Drinking (or Not) During the COVID-19 Pandemic
For many of us, COVID-19 has put our lives on hold or dramatically reshaped them. We’re being told to relax and embrace a new normal. Should that include more drinking, less drinking, or quitting altogether?
That all depends on who you are, your health, and your family history.
The Health Benefits of Alcohol
Not surprisingly, many people are drinking, and drinking more, right now. And that’s not entirely a bad thing. Alcohol can provide a temporary escape from worry and stress. Occasional or moderate drinking (according to the CDC, two drinks or fewer a day for men; one drink or fewer a day for women) has been proven to produce feelings of euphoria and happiness while helping to reduce tension – in fact, those who drink in moderation are less likely to suffer from depression, compared to both non-drinkers or heavy drinkers.
Alcohol can also provide other health-boosting benefits. You’ve probably heard that an occasional glass of wine is good for you – and there’s some science to back this up. Red wine, in particular:
- Provides antioxidants that may help your cells fight off disease to help you live longer
- Promotes an anti-inflammatory response that can help decrease pain
- Contains a compound called resveratrol that may reduce cholesterol and prevent blood clots
But before make a shopping trip just to pick up a case of wine or beer, you should figure out if the benefits are worth the potential risks.
Why Drinking Might Not Be for You
For some, an occasional drink is harmless. However, alcohol can pose serious health risks for others. People who should not drink include:
- Anyone under the age of 21
- Women who are pregnant or breastfeeding
- Those with diseases of the liver or pancreas
- Those who have had problems with alcohol or drug addiction in the past, or come from a family with a history of alcoholism or drug addiction
- Anyone with certain medical conditions or on medications that may have a negative reaction to alcohol. Talk to your doctor or pharmacist if you are on medication for:
o Heart failure
o High blood pressure
o Irregular heart rhythm
o A history of strokes
Consider Mindful Drinking
Recently, there’s been a trend known as “mindful drinking.” Unlike sobriety programs like Alcoholics Anonymous that focus on not drinking at all, mindful drinking is about making sure you’re drinking the right amount for the right reason -- because it gives you some kind of pleasure and not out of habit or because you can’t otherwise cope. Before you drink, ask yourself these questions:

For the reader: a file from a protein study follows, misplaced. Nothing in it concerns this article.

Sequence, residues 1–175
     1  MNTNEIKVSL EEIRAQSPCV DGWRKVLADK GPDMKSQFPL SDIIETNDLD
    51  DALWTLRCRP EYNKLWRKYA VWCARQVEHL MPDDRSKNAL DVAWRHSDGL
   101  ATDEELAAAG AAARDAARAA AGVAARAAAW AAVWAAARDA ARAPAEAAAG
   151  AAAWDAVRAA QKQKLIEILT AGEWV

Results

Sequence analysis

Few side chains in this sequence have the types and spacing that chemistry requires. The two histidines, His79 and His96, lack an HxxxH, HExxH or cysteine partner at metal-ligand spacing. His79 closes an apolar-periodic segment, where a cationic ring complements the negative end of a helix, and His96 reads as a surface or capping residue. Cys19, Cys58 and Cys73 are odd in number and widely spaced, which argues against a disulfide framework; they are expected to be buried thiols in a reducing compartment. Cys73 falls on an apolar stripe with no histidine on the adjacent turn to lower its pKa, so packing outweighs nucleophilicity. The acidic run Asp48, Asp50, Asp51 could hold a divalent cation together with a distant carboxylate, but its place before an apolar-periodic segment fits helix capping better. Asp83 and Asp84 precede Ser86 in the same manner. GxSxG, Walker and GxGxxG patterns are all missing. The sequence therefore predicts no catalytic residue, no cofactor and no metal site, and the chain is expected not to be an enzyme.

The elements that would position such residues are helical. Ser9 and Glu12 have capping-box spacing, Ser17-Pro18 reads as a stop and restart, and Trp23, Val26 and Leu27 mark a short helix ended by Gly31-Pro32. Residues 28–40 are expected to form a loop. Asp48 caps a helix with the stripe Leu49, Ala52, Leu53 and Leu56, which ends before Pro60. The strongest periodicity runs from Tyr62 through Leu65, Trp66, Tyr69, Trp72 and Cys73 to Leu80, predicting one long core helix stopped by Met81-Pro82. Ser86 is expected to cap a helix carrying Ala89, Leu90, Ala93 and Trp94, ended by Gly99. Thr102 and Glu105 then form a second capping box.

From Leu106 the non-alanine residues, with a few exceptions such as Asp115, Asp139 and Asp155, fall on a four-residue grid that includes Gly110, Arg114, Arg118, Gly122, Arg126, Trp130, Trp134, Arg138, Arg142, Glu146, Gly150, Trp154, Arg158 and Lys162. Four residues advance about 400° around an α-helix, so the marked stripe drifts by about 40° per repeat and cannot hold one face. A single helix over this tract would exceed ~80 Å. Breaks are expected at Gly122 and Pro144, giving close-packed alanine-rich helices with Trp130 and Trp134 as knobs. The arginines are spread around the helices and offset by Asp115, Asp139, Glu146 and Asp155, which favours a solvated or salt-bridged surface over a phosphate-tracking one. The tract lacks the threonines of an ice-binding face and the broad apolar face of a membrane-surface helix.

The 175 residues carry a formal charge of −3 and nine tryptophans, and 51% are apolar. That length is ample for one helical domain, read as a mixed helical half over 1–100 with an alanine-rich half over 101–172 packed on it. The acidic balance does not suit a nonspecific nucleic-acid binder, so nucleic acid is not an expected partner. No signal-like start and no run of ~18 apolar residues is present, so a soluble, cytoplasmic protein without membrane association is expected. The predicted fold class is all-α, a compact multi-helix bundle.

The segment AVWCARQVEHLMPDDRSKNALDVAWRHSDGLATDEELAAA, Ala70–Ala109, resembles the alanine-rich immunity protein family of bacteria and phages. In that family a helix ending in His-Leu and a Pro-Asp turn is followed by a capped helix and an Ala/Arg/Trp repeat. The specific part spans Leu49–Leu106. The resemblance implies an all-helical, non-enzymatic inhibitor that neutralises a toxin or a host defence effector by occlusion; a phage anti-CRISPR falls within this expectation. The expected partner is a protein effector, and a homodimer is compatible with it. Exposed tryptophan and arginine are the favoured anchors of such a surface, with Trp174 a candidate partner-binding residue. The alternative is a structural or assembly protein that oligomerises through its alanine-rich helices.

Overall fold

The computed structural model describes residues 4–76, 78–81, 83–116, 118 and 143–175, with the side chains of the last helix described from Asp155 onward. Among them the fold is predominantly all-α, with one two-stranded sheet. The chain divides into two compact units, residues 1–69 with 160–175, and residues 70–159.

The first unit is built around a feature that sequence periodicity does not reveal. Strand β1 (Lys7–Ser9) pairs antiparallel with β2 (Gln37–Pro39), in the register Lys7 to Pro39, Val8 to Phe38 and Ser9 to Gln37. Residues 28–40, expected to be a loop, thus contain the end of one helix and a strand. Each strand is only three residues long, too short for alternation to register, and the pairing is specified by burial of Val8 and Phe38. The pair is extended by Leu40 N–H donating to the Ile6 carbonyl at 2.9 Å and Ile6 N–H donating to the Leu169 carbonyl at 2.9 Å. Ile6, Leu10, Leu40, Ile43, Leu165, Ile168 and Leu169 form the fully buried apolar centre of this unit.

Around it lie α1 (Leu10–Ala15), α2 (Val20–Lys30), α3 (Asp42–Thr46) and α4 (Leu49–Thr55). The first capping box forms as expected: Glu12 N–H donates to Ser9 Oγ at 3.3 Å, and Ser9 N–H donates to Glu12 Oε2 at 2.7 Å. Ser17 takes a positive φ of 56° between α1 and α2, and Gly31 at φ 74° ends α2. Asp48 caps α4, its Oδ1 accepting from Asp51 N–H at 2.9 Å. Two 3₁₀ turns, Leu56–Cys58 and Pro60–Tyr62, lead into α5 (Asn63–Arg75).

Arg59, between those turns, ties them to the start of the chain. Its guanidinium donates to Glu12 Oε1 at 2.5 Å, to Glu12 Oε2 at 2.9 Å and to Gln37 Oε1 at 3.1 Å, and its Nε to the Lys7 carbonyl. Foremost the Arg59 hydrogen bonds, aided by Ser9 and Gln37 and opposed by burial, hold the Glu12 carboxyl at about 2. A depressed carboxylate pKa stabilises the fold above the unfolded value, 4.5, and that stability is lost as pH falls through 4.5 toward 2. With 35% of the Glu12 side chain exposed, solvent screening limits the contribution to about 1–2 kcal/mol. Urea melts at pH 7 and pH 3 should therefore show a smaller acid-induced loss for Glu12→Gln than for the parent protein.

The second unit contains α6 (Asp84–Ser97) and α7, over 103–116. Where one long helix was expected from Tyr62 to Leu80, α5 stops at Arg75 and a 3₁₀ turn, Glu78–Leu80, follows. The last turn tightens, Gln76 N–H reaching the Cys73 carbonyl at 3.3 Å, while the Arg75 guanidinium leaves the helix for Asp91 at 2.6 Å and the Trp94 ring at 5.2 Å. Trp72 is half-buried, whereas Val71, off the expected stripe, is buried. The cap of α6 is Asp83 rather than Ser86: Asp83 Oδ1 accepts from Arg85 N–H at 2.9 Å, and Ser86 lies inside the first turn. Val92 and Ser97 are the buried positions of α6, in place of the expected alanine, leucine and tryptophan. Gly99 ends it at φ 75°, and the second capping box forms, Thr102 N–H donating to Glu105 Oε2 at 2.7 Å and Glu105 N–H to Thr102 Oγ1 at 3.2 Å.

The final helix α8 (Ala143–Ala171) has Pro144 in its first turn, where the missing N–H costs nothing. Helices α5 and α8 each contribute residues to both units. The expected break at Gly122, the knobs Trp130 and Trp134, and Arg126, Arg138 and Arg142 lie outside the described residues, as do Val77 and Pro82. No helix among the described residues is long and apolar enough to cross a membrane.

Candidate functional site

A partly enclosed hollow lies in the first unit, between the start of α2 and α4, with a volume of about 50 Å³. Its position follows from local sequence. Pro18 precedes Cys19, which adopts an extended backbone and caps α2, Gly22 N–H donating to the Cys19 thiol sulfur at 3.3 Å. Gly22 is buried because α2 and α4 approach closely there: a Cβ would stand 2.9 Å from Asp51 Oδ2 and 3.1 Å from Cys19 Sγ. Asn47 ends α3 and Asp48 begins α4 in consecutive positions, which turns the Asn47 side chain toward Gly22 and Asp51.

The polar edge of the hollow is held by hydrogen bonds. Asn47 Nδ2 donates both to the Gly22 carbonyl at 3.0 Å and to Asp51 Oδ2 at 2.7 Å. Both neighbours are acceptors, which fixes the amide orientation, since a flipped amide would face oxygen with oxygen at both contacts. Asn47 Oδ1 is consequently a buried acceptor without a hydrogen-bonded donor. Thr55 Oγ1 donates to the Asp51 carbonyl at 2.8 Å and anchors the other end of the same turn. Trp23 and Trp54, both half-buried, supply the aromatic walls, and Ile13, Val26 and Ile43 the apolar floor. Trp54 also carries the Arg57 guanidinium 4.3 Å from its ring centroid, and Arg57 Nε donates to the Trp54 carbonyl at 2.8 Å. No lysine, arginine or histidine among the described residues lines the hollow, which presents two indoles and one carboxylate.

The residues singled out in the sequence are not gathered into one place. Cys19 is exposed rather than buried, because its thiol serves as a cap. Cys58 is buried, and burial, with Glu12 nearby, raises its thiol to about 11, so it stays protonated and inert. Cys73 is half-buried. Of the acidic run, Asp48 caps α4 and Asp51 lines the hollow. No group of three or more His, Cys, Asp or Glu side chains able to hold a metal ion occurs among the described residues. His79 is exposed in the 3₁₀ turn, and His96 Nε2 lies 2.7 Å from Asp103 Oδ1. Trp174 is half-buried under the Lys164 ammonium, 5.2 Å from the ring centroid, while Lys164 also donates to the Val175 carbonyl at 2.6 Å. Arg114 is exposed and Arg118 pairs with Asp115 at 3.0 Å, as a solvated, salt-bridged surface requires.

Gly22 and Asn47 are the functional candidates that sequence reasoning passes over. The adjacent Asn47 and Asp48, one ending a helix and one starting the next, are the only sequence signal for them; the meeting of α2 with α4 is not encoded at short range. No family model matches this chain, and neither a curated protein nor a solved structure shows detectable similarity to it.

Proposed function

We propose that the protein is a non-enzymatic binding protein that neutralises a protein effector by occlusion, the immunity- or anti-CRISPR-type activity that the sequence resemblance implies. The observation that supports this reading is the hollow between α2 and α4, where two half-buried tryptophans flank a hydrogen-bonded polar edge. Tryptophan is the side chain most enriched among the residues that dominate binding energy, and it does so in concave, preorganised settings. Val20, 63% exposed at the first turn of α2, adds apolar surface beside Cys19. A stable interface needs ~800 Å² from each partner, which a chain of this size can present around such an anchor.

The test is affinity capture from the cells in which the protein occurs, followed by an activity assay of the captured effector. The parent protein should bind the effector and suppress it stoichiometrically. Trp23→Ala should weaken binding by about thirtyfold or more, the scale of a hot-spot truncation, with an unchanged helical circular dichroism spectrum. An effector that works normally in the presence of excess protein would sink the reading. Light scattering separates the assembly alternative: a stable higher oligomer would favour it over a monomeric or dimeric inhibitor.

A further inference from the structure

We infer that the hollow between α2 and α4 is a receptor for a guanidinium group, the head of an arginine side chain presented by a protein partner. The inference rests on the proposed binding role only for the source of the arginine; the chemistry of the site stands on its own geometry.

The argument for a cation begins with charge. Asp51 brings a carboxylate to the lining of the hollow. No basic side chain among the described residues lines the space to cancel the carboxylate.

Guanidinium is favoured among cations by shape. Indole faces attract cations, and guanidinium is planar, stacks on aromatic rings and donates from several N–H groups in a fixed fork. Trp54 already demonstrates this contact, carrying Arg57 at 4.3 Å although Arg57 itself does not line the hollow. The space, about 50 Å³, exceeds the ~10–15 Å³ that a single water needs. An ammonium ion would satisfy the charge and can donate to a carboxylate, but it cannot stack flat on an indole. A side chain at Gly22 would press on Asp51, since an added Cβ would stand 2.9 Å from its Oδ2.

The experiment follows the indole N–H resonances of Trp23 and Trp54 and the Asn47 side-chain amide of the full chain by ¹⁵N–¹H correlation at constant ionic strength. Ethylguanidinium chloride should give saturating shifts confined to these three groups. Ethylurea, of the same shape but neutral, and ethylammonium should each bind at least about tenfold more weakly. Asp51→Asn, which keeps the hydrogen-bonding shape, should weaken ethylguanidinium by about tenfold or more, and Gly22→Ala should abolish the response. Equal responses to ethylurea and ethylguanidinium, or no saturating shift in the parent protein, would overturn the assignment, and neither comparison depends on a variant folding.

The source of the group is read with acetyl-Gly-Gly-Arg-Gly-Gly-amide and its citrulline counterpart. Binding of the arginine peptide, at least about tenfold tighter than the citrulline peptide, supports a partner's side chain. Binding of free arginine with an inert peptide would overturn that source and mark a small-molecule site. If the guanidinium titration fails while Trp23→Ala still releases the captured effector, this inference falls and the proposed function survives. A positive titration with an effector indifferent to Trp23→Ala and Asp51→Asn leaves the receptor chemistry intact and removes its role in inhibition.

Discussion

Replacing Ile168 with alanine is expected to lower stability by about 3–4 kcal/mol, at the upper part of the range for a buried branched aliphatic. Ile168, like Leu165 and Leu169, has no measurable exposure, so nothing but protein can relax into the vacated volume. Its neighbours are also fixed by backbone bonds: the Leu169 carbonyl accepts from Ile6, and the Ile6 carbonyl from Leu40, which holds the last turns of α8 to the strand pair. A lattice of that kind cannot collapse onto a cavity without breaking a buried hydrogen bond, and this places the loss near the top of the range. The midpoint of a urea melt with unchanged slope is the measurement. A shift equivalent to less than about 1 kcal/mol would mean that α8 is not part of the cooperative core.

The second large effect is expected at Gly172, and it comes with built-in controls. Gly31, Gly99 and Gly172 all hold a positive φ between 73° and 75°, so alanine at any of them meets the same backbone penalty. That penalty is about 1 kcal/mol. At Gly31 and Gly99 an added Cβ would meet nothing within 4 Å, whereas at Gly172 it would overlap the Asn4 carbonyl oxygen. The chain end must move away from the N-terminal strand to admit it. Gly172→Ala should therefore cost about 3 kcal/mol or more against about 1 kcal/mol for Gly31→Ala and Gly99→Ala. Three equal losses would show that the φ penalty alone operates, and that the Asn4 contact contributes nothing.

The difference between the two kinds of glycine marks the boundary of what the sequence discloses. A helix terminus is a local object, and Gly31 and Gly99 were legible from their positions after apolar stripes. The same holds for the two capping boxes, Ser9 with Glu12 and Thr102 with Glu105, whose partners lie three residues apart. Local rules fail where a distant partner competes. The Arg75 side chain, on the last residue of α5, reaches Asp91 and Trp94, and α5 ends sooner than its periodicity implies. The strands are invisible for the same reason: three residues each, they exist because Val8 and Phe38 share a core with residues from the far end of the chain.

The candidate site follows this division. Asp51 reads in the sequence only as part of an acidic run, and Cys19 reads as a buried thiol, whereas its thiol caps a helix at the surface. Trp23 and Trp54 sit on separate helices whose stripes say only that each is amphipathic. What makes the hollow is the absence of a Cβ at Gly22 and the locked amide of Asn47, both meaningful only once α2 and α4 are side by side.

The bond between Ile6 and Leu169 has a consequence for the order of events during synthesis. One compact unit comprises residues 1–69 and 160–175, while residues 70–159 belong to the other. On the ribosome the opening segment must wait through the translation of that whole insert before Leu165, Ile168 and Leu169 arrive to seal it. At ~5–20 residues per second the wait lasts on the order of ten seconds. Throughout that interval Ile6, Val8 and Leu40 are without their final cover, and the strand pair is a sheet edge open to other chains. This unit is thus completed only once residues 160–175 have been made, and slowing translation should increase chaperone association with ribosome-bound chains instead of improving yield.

- Why am I choosing to have this drink?
- Do I need to have it right now?
- Am I enjoying it?
- How do I feel?
Another part of mindful drinking is setting limits: for example, you might limit yourself to no more than two drinks, or you might only drink two nights per week. This can help you drink in moderation and keep your drinking from becoming a habit.
The Benefits of Quitting Drinking
Even though drinking in moderation has been tied to health benefits, your health and well-being will improve, across the board, if you decide to stop drinking.
Statistically speaking, you’re more likely to live longer, since more than half of all serious trauma injuries and deaths from burns, drownings, and homicides involve alcohol. In addition, you will see positive changes, including:
- A better night’s sleep
- Lower blood pressure
- A healthier liver
- A stronger immune system
- Improved memory
- More money in the bank
The Benefits of Not Drinking at All
If you don’t drink, the best thing you can do is to continue not to drink. Even with the benefits of an occasional glass of wine, studies show that non-drinkers live longer, have decreased risks for diseases including cancer, diabetes, heart disease, and dementia. Nondrinkers also never have to worry about DUIs or hangovers!
There are many different alternatives that let you experience the benefits of drinking. If you’re looking for something tasty to sip during your next online happy hour, you can try a fruity mocktail – drinks that use fruit juices and mixers without the alcohol.
If you’re looking for a way to blow off some stress, try meditation or vigorous exercise. Both can help you lower your blood pressure, too.
If you’re looking to fight depression and loneliness, make time to connect with your friends and family, even if you have to do it virtually.
And you can get the same anti-inflammatory benefits found in red wine from eating some delicious grapes, which also provide dietary fiber and immunity-boosting vitamins A and C.
Your good health is our main concern. No matter what, we’re here for both your mental and physical health needs. If you need care, call us at (888) 499-9303.